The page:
What’s going on with Dell?
I must confess to being somewhat puzzled by the recent decision by Michael Dell and his investment consortium to take Dell private. The case for is fairly straightforward – interest rates are insanely cheap, and so the “leveraged” portion of the LBO is a lot easier than it would be otherwise. Furthermore, taking it private will allow a visionary executive and owner group to realize the long-term strategy that short-sighted Wall Street investors would….whatever, standard LBO stuff.
The case against is fairly simple as well – it’s a lot of new debt, and it’s not at all clear that Dell will have an easy time paying it back. The deal will saddle Dell with roughly $15B in new debt on top of roughly $9B in existing debt. So this doesn’t sound crazy for a company with $62B in revenue and $44B in assets, but if Dell was generating healthy cash flow and growing profits it wouldn’t really be in the situation it is now, would it?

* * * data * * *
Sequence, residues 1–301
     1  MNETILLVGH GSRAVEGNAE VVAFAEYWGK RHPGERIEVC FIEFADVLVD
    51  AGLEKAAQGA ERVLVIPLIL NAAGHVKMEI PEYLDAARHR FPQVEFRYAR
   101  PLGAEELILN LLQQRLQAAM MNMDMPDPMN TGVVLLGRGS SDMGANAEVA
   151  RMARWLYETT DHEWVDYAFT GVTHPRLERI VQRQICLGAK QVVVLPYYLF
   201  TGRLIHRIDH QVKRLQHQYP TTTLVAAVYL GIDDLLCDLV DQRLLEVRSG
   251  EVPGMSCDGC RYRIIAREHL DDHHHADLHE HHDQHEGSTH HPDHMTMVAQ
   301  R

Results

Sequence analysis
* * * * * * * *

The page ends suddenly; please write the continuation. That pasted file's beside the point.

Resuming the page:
More to the point, I fail to see what exactly going private will change about Dell’s current business landscape. The PC business margins have been destroyed by cheap competition from Asia. It’s hard to imagine Dell selling of large portions of the PC business for what it is actually listed at on the balance sheet – again, if it could do so it wouldn’t be in the position it is today. Windows 8 will still be kind of a dud, and not an effective driver of consumer upgrades. And Dell will still have to pay dearly for entering the enterprise software market, because it doesn’t have the ability to develop it organically.
Obviously there’s a bit of a contradiction between paying back debt and pumping free cash flow into buying your way into new markets. I wonder what Michael Dell sees that we don’t, because it’s got to be something.